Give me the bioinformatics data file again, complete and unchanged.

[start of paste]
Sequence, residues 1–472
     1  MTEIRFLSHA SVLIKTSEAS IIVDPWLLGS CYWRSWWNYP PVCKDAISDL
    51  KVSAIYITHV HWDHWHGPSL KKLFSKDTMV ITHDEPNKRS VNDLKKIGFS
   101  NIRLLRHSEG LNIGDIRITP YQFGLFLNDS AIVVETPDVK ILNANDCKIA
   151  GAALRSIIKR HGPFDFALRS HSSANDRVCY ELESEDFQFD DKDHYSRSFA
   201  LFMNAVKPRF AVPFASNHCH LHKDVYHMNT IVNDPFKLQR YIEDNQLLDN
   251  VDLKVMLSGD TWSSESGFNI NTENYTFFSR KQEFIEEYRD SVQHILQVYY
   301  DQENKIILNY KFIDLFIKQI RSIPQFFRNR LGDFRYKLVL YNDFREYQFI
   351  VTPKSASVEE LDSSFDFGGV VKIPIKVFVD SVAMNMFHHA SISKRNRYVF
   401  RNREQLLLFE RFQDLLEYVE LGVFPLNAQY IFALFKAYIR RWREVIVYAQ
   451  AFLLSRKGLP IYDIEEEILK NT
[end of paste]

Sequence, residues 1–472
     1  MTEIRFLSHA SVLIKTSEAS IIVDPWLLGS CYWRSWWNYP PVCKDAISDL
    51  KVSAIYITHV HWDHWHGPSL KKLFSKDTMV ITHDEPNKRS VNDLKKIGFS
   101  NIRLLRHSEG LNIGDIRITP YQFGLFLNDS AIVVETPDVK ILNANDCKIA
   151  GAALRSIIKR HGPFDFALRS HSSANDRVCY ELESEDFQFD DKDHYSRSFA
   201  LFMNAVKPRF AVPFASNHCH LHKDVYHMNT IVNDPFKLQR YIEDNQLLDN
   251  VDLKVMLSGD TWSSESGFNI NTENYTFFSR KQEFIEEYRD SVQHILQVYY
   301  DQENKIILNY KFIDLFIKQI RSIPQFFRNR LGDFRYKLVL YNDFREYQFI
   351  VTPKSASVEE LDSSFDFGGV VKIPIKVFVD SVAMNMFHHA SISKRNRYVF
   401  RNREQLLLFE RFQDLLEYVE LGVFPLNAQY IFALFKAYIR RWREVIVYAQ
   451  AFLLSRKGLP IYDIEEEILK NT